Lipscombite: Properties and Occurrences

Lipscombite, formula – (Fe2+, Mn2+)(Fe3+)2(PO4)2(OH)2 is a green-gray, olive green, or black. phosphate-based mineral containing iron, magnesium, and iron phosphate. It is a tetragonal-trapezohedral mineral containing hydrogen, iron, manganese, oxygen, and phosphorus.

In the Classification of non-silicate minerals, lipscombite is in the lipscombite group, which also includes zinclipscombite. This group is within the non-silicate, category 8, anhydrous phosphates, lazulite supergroup.

General Information

  • Category: Phosphate minerals
  • Formula: (Fe2+, Mn2+) (Fe3+)2(PO4)2(OH)2
  • Crystal system: Tetragonal
  • Crystal class: Trapezohedral (422) (same H-M symbol).


Lipscombite is an uncommon mineral that is found in phosphate zones of granite pegmatites that have been hydrothermally altered. It is often formed at meteorite impact sites where its crystals are microscopically small because crystal-forming conditions of pressure and temperature are brief.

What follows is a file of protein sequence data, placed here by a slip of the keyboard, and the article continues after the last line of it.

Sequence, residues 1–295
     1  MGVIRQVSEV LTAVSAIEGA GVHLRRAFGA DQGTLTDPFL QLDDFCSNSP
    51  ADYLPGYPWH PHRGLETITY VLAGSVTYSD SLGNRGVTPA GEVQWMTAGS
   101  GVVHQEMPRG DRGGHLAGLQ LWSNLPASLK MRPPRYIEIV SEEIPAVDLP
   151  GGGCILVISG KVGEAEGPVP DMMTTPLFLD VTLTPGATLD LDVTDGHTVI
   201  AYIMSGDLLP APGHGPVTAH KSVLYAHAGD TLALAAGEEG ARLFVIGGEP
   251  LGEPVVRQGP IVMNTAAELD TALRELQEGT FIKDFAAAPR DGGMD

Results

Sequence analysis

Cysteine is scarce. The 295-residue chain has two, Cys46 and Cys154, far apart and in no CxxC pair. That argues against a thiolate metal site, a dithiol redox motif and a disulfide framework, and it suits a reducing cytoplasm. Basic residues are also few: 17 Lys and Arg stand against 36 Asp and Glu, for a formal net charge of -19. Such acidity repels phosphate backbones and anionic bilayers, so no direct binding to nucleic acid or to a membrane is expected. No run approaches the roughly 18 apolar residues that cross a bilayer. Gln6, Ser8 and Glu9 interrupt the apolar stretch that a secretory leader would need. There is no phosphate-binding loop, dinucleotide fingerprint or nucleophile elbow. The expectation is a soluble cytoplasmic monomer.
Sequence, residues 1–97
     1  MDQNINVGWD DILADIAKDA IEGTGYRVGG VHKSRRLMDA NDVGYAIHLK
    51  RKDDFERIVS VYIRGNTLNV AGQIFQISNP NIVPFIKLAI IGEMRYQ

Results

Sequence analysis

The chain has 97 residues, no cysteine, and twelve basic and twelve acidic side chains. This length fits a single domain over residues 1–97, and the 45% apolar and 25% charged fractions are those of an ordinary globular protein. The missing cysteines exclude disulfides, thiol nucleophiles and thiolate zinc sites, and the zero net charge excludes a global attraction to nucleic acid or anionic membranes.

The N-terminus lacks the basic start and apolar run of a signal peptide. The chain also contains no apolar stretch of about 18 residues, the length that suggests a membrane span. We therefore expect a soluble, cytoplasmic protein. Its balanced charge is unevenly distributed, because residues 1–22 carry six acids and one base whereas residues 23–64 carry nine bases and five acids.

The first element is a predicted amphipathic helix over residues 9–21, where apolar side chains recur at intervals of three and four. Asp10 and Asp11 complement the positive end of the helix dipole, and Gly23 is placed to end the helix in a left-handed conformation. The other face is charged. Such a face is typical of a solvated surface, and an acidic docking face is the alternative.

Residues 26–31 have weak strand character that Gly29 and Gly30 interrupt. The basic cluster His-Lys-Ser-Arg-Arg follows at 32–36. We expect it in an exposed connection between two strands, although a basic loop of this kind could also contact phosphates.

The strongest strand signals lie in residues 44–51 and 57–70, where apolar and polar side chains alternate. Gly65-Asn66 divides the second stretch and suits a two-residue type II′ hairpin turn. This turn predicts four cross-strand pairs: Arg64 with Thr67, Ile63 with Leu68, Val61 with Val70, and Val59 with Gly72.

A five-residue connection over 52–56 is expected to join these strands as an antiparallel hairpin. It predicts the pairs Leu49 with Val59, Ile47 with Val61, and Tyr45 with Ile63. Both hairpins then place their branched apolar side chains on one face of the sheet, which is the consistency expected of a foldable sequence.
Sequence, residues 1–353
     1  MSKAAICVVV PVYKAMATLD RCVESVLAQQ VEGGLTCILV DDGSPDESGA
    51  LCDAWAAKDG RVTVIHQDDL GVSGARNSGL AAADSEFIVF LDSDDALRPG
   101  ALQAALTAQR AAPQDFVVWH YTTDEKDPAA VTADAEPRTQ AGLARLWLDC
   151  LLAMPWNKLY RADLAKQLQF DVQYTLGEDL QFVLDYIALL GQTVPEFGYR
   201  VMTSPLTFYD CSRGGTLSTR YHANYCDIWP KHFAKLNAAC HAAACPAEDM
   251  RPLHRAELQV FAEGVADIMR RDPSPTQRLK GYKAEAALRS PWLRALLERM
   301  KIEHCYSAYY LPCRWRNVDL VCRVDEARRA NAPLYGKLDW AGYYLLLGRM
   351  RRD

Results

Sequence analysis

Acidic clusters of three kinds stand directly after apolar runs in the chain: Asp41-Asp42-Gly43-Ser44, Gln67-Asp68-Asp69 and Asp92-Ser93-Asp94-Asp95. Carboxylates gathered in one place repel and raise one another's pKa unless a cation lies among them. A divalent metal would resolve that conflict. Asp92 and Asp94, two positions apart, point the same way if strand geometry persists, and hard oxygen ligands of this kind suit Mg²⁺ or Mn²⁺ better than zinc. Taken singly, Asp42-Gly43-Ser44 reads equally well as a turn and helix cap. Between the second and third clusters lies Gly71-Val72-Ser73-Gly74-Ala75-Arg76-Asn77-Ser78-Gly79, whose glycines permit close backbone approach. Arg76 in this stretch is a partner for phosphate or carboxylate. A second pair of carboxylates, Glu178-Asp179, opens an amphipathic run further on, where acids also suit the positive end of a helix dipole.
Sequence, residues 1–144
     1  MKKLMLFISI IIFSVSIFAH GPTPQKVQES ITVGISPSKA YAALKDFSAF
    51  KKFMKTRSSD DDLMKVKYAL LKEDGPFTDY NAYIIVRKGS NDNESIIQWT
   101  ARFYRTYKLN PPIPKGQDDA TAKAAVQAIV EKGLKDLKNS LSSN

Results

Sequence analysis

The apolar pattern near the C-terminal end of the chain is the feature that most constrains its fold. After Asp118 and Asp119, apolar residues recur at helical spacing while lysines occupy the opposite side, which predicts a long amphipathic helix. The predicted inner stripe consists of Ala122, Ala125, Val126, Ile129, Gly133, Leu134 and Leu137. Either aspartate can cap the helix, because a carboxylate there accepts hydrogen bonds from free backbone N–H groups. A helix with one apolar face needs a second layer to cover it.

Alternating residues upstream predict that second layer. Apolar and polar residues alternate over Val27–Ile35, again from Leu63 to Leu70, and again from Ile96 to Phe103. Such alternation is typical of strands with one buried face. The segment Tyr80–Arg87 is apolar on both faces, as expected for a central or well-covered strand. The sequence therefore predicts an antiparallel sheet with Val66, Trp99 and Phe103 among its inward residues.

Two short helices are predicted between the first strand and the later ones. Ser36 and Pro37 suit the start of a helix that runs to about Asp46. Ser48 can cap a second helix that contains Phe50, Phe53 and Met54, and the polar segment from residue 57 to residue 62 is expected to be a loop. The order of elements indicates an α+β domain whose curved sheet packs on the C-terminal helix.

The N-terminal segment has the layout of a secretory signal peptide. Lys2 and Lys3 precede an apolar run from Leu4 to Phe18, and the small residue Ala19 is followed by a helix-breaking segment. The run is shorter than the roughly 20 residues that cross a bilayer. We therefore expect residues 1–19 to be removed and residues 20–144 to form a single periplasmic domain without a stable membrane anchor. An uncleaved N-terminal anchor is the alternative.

• Formula mass: 391.27 g/mol
  • Color: Green gray, olive green, black.
  • Specific gravity: 3.68
  • Optical properties: Translucent to opaque
  • Density: 3.66
  • Diaphaneity: Opaque


The mineral lipscombite was first made artificially and then found in nature. It was named after chemist William Lipscomb by the mineralogist John W. Gruner who first made it artificially.

While investigating the stability relations of iron oxides small, black, shiny crystals were obtained when a spherical iron pressure-temperature vessel was contaminated with phosphorus. The x-ray powder diffraction pattern was similar to lazulite but unknown.

Gruner, a mineralogist at the University of Minnesota, gave Lipscomb, a chemistry professor there, the crystals for Lewis Katz and Lipscomb to determine the atomic structure using single-crystal x-ray diffraction. They initially called the mineral iron lazulite.

Occurrence: In a hydrothermally altered phosphate zone of a complex granite pegmatite (Sapucaia mine, Brazil).

It occurs in localities in Brazil, Argentina, the United States, Namibia, Cameroon, Germany, and in the Wolf Creek meteorite in Australia among others.

Association: Cyrilovite, leucophosphite, phosphosiderite, frondelite (Sapucaia mine, Brazil); heterosite, strengite, cyrilovite, leucophosphite (Hagendorf, Germany).


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